“Chinese Shake Up Aluminum” – Wall Street Journal, 12 February 2015

In order to prevent Chinese aluminum from leaving the country, China’s government has imposed a 15% export tax on every ton of the metal that is bought by foreign buyers. However, Chinese aluminum manufacturers have found a way around the government’s tax, by producing semifinished products, or “semis.” While primary aluminum is usually shipped in blocks, semis are manufactured as door frames or hubcaps, which can then be liquefied and molded into other products. Because China’s need for aluminum at home is low — need for metals in the country’s infrastructure has decreased — Chinese manufacturers must sell abroad.

Chinese aluminum manufacturers actually profit from creating semifinished aluminum products: they get a 13% tax rebate on semis. It’s difficult to differentiate how much of China’s aluminum exports are semis; in December, the country’s overseas sales added up to 488,000 tons, a 136% surge from January 2014. China’s output also increased to combat rising prices.

The increase in aluminum exports from China is also reshaping the aluminum market: growth of Chinese exports in Asia has caused buyers’ urgent delivery premiums to decline. Because of the influx of Chinese aluminum, Malaysian and Australian aluminum manufacturers have redirected their aluminum exports to other regions Australia is one of the biggest exporters to Asia, but China is producing and exporting aluminum at a rapid rate. While countries like the US might benefit from China’s oversupply, China’s output is becoming a hindrance to aluminum premiums. It might take worldwide aluminum supplies a decade to recover from the flood of Chinese aluminum.

Will China ever play by fair market rules? We suppose not, as long as it doesn’t benefit them.

(From Wall Street Journal)

Developed and Written by Dr. Subodh Das and Tara Mahadevan

February 16, 2015

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Copyright 2014. All rights Reserved by Phinix, LLC.

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Novelis Introduces The Evercan

Last week, Novelis, the world’s largest flat-rolled aluminum maker, announced the introduction of the evercan™ sheet, the first commercially-created and certified high-recycled content aluminum sheeting for beverage cans.

The evercan sheet is made of a minimum of 90% recycled content. Novelis has partnered with the Georgia micro-brewer Red Hare to manufacture the brewer’s beer in the sheeting, which will debut in May. Novelis’ evercan sheet manages to bridge the gap between consumer recycling and new cans, which will also have a positive effect on the environment through energy and emissions reductions. Recycling aluminum necessitates 95% less energy than creating new aluminum sheeting, and expels 95 percent fewer greenhouse gas emissions.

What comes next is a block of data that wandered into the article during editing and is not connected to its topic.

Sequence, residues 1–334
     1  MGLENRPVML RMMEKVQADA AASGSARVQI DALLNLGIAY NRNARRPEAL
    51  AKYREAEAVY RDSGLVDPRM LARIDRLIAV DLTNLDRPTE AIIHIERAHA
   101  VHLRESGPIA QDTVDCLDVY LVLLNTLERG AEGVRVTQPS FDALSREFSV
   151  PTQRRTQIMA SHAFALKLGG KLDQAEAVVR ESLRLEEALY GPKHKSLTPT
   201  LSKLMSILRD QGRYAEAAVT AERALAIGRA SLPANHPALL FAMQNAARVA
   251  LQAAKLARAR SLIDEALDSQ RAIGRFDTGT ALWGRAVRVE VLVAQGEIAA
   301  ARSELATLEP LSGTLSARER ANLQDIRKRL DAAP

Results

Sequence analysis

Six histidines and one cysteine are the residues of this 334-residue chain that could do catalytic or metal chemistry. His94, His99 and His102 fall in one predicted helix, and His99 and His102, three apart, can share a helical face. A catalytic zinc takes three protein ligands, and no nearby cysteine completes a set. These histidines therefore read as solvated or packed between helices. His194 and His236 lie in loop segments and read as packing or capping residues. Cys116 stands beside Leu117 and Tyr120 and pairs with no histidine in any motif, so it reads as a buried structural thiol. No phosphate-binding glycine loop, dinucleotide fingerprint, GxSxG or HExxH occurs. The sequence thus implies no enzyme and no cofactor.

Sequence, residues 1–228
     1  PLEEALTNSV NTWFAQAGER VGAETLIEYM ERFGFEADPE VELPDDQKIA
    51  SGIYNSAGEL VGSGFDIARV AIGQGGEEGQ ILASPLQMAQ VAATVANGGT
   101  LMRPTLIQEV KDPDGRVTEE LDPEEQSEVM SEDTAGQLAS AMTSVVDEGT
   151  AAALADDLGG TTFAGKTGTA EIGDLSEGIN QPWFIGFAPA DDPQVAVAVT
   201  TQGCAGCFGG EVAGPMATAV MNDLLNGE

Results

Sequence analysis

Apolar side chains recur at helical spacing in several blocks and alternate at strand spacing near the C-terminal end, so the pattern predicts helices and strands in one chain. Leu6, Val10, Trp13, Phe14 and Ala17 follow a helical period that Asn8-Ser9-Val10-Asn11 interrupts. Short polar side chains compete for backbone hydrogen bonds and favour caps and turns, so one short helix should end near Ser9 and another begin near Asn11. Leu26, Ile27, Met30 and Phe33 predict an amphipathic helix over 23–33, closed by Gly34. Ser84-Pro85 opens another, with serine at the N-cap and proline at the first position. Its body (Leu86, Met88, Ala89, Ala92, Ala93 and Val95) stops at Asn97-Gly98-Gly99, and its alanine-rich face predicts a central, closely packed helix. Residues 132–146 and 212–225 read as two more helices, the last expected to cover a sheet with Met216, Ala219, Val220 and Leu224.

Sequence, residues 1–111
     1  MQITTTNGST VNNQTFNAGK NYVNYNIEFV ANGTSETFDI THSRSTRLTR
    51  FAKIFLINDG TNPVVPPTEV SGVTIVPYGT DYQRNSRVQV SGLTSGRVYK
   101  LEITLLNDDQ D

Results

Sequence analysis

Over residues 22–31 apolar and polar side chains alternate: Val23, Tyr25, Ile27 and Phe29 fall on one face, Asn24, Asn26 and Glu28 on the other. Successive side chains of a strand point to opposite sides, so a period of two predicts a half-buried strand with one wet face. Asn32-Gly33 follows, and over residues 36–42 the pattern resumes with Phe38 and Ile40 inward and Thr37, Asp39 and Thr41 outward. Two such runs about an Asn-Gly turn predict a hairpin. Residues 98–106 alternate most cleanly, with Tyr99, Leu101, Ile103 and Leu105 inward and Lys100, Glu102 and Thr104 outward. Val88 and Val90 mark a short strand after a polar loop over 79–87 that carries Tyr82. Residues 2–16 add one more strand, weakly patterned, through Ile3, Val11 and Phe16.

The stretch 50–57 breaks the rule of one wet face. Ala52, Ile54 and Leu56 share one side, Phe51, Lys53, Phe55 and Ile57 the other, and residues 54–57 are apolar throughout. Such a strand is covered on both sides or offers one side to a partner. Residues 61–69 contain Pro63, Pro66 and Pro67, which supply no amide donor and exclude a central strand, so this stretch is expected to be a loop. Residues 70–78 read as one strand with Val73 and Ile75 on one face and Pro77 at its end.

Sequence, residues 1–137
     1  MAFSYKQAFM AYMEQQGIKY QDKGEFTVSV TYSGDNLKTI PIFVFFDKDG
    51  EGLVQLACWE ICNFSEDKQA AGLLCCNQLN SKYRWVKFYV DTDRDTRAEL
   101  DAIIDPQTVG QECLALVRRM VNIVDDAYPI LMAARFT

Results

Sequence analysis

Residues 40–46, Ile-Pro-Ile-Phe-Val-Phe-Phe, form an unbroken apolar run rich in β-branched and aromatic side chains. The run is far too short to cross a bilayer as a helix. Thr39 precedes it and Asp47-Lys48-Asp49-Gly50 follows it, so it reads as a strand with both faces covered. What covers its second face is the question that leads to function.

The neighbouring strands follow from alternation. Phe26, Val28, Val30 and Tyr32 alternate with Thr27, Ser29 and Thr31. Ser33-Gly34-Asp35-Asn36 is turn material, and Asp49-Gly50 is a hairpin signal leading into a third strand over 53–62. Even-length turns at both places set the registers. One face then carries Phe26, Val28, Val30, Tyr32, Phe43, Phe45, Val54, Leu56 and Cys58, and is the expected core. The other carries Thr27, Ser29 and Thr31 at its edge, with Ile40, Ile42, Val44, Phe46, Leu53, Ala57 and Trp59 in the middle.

Novelis’ partnership with Red Hare sets an example for all beverage companies to instead use the highly recycled evercan sheeting, rather than new cans. Red Hare is a leader itself in the craft beer world—it was the first craft brewery to bottle its beer in aluminum cans. Now almost 400 US craft brewers use aluminum to can 1,300 different beers.

The evercan is available around the world: Novelis’ plants in North America, Europe, South America and Asia are now authorized to manufacture the evercan.

See also:
Novelis Sustainability Report 2013
Aluminum Can Continues Leadership in Sustainable Packaging as Most Recycled Beverage Container
Novelis Breaks Ground on Aluminum Recycling Plant in Germany

Developed and Written by Dr. Subodh Das and Tara Mahadevan

April 10, 2014

Phinix LLC

Copyright 2013. All rights Reserved by Phinix, LLC.

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“Turkey’s Crisis Dents American Steel” – Wall Street Journal, 5 February 2014

Turkey is the world’s biggest scrap steel importer and a key consumer in the $20 billion US steel scrap industry. But Turkey’s current economic crisis is taking its toll on the US scrap steel industry, the country’s weak demand and declining currency making imports very costly.

The US is the number one exporter of iron and steel scrap, selling $10 billion per year, more than two times the amount Japan sells, second to the US. Turkey has been the number one importer of US scrap since 2008; the country’s steelmaking companies mainly use electric-arc furnaces to melt down the scrap imports. Turkey, in turn, sells to Iraq, Saudi Arabia and the United Arab Emirates, becoming the largest exporter to these countries.

In the first 11 months of 2013, Turkey’s imports dropped 18% to 4.9 million tons, a huge hit to the US scrap steel industry. Turkey is now importing more steel from Europe, and manufacturing steel products from semi-finished steel items purchased from Russia, instead of manufacturing steel from scrap.

East Coast scrap traders are more widely affected by Turkey’s decline, whereas West Coast traders chiefly export to Asia. While demand from Asian countries, such as China, is predicted to continue growing, there is a worry that the demand could dwindle as China has its first “scrap cycle,” a phrase applied to a young, industrialized country that begins producing its own scrap with recycled steel goods. China will remain an importer for now, but the question remains whether China, like the US, will also become a global exporter of steel scrap. The US steel scrap industry has a lot to lose.

Developed and Written by Dr. Subodh Das and Tara Mahadevan

February 24, 2014

Phinix LLC

Copyright 2013. All rights Reserved by Phinix, LLC.

www.phinix.net    skdas@phinix.net

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